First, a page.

Have you recently started getting into your cardiovascular workouts on the cross trainer or treadmill? Or maybe you’ve been getting those cardio workouts in for years, but you haven’t yet added strength training to your routine.
Well now’s the time. The benefits of adding strength training to your workout routine are numerous – here are 5 of them.
Mixing Up Your Routine
Chances are you’ve gone through a phase where you’ve been bored with your workout routine. It’s true that your body can get used to exercises you perform regularly and burn fewer calories. However, adding strength training to your cardio activities is a great way to keep yourself engaged in the workout.
Make Your Heart Work
Yes, your heart really gets pumping during cardio exercise, whether you’re running or cycling or hiking. But you can get your heart working during strength training exercises as well. It’s as simple as increasing the resistance of whatever weight machine you’re using and giving more energy to your muscles.
Helping with Weight Loss
Need to lose a few kilos? Implementing strength training can help.
When you’re overweight, muscle mass is increased to support the body’s weight. Yet, as you lose weight your body may also cut muscle mass. With strength training as part of your routine, it can help to retain your muscle strength and actually help you lose unwanted weight faster. How? Strength training can increase your metabolism (see the next section) and make your body work harder during exercise.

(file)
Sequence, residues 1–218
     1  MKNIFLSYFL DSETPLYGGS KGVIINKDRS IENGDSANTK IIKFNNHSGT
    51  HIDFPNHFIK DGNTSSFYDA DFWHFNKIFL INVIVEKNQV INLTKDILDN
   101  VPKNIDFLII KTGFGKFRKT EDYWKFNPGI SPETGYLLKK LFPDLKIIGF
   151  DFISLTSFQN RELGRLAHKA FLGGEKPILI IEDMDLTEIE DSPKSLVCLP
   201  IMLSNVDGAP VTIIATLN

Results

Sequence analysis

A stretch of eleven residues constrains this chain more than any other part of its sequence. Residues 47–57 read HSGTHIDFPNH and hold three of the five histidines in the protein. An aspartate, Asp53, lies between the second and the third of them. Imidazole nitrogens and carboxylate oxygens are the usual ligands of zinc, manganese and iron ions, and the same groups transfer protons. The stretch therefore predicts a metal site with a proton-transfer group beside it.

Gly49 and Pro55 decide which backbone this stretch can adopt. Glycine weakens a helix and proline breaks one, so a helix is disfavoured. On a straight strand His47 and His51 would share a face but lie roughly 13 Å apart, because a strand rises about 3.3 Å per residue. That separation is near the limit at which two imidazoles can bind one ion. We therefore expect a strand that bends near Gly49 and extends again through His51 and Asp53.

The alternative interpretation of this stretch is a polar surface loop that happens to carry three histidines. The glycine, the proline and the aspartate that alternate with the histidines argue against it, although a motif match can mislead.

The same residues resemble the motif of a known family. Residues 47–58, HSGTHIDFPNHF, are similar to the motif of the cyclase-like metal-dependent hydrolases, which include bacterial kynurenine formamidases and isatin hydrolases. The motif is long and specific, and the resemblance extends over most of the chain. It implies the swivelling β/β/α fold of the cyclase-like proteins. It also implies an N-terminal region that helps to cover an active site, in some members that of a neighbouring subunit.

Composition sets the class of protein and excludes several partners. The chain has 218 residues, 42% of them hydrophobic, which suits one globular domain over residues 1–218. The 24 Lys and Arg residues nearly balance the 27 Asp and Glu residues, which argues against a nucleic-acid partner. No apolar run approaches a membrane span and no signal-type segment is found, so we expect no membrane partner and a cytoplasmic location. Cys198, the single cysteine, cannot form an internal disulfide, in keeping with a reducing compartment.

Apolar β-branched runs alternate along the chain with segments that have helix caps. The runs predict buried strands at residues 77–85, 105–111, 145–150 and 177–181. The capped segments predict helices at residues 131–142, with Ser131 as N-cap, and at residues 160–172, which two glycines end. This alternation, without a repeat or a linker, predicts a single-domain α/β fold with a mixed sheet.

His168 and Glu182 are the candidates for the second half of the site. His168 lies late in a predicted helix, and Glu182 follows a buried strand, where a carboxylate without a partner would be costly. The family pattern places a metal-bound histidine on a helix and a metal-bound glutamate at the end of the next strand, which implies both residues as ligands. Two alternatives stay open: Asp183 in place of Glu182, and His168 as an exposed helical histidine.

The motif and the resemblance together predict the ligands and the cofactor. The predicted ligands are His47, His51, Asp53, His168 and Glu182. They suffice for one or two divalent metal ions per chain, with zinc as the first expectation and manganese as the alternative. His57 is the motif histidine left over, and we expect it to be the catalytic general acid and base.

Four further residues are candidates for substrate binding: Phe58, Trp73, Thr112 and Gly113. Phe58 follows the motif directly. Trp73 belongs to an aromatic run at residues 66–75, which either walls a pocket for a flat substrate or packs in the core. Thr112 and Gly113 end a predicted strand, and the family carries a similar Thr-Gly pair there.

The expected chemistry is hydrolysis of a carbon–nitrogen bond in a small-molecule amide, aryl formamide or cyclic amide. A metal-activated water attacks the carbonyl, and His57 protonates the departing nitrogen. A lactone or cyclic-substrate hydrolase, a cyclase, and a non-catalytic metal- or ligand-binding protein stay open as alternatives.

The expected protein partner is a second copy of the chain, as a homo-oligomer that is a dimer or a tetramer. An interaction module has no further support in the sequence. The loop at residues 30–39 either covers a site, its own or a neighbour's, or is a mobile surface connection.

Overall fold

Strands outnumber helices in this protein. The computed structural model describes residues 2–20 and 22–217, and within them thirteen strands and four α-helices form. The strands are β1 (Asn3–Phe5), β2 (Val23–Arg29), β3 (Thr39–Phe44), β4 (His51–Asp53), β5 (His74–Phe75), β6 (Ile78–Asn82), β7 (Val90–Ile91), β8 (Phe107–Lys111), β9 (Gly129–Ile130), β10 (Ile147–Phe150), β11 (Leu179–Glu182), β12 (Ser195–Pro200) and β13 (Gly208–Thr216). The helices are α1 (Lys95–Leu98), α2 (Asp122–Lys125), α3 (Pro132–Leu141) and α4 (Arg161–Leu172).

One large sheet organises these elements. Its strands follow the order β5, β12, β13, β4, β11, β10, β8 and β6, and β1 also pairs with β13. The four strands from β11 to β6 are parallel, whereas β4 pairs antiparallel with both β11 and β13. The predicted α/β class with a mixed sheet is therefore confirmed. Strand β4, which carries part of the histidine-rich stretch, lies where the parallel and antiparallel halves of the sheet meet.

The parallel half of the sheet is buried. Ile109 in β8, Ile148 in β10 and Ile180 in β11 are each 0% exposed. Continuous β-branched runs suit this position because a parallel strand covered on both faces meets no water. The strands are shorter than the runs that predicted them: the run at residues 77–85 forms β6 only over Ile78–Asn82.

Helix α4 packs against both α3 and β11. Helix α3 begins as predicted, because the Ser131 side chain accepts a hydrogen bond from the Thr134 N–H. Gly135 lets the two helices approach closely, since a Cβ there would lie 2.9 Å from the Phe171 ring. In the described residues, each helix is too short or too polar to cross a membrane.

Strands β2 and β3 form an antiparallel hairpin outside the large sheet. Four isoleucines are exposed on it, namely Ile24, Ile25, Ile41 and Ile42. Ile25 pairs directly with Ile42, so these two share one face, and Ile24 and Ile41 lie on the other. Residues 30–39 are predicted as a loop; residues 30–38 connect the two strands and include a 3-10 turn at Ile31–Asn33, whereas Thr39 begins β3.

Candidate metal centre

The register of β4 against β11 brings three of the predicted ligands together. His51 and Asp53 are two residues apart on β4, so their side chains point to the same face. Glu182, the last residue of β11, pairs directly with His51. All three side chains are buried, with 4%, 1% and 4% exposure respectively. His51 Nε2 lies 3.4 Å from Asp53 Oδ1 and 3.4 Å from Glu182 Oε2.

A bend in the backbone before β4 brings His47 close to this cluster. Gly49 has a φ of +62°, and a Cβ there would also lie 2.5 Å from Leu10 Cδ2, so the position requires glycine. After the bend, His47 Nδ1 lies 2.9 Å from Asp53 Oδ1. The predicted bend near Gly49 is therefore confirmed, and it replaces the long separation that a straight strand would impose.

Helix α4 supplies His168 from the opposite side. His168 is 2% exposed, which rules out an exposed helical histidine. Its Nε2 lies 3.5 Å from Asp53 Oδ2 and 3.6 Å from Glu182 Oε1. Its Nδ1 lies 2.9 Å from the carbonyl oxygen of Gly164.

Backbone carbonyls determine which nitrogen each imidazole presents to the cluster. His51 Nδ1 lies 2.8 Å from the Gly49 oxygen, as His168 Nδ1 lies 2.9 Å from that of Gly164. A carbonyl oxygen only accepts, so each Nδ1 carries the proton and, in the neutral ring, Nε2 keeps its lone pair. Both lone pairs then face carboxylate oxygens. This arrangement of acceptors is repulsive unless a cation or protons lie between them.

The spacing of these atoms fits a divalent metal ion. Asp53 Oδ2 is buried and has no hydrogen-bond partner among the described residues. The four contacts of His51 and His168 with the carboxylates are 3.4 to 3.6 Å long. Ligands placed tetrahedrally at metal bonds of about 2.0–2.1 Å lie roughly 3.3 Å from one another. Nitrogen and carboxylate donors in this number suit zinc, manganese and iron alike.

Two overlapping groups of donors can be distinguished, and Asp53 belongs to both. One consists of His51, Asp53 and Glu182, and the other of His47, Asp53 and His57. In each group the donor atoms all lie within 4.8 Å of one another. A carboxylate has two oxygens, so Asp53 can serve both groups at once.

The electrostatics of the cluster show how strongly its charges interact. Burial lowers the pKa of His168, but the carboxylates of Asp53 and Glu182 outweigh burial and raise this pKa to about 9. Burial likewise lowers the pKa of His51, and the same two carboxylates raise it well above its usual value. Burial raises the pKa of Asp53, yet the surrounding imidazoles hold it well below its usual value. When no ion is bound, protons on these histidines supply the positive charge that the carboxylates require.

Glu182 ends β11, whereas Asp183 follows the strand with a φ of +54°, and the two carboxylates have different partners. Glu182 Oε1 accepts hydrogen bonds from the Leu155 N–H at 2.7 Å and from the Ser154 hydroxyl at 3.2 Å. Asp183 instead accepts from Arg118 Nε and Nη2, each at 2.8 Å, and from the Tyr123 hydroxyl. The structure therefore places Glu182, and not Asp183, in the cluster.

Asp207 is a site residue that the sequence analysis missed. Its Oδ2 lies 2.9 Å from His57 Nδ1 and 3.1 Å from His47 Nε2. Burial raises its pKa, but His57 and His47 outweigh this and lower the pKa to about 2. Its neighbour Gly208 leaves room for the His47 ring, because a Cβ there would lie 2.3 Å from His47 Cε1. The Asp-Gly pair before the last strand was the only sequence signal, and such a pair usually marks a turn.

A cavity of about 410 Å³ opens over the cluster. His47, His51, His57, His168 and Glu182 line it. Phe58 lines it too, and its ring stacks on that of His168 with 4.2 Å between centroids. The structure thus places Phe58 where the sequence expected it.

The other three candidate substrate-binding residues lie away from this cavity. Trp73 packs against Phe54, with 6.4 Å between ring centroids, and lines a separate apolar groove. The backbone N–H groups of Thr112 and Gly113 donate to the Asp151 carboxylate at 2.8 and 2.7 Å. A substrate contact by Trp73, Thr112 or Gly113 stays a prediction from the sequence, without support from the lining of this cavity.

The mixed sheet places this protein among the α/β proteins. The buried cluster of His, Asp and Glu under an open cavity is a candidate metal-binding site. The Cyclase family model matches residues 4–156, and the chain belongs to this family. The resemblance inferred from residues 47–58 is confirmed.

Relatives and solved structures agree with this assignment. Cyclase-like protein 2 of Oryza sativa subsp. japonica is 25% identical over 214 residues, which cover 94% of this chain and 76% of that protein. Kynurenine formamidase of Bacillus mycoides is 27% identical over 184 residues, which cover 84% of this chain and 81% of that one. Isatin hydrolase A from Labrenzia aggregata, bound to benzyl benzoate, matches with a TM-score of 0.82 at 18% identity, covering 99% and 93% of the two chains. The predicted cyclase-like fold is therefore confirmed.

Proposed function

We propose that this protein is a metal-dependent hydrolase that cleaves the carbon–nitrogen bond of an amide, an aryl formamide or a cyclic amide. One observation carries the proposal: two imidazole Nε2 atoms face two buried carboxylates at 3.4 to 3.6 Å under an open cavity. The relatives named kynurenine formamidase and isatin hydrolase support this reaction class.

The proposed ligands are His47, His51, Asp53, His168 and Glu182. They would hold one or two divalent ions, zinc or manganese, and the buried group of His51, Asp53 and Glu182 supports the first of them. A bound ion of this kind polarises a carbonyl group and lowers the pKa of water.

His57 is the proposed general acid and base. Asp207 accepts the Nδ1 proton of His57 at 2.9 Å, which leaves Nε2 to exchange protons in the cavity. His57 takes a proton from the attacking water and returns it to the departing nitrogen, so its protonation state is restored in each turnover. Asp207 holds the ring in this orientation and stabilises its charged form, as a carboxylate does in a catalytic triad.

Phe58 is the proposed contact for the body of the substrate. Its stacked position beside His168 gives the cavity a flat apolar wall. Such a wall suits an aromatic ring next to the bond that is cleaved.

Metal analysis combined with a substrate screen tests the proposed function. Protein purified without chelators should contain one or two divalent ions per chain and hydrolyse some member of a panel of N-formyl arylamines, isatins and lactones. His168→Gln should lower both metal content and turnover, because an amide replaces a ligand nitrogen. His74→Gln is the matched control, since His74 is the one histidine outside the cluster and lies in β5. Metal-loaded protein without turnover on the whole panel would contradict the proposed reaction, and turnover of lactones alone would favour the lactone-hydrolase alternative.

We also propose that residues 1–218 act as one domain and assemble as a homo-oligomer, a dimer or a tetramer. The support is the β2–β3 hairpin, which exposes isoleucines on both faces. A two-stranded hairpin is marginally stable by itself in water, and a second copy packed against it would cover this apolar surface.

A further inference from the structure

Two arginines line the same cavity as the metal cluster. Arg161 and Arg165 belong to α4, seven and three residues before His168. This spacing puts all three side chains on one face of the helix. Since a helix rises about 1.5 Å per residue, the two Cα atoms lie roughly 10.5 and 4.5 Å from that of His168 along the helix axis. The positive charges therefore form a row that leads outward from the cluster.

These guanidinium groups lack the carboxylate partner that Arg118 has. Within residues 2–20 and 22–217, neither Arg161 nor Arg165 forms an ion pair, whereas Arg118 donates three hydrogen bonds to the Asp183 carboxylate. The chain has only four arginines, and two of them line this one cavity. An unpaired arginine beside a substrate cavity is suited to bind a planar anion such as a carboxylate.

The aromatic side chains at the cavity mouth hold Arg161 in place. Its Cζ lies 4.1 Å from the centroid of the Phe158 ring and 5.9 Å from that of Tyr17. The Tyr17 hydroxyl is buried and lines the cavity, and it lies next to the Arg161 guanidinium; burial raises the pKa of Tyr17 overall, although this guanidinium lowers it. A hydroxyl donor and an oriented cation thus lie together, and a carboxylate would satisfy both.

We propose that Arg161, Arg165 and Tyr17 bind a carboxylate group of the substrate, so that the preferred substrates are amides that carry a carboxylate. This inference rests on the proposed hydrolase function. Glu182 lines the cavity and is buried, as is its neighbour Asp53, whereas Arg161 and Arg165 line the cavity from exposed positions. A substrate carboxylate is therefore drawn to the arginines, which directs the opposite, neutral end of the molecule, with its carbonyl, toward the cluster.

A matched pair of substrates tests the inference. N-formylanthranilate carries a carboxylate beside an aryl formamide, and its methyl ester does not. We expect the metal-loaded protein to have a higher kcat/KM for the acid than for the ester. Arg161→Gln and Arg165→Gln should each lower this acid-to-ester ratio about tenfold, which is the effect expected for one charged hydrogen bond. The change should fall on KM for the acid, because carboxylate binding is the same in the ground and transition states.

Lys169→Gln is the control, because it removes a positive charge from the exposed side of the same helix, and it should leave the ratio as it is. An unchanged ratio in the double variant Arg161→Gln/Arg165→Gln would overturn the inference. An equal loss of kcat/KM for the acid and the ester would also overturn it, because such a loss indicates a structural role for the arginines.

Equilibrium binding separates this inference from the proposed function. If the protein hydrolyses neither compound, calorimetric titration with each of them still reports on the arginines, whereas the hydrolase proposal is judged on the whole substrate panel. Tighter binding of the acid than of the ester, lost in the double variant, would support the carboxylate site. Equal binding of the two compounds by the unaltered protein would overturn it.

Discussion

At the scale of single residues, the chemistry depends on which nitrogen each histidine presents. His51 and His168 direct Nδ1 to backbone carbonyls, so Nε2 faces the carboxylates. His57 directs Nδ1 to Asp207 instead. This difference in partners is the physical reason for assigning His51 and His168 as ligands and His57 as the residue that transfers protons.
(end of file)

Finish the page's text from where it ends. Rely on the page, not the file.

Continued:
Increase Your Metabolism
Adding regular strength training activities to your routine is key to improving your body’s metabolism because your body is then forced to use calories to help maintain your muscles. To be sure your muscles are ready to be used whenever they’re called upon, they burn extra calories throughout the day.
From increasing bone stability to strengthening tendons and improving your balance, there are numerous long-term benefits to adding strength training to your fitness routine. All of these things will help to keep you safely exercising as you get older.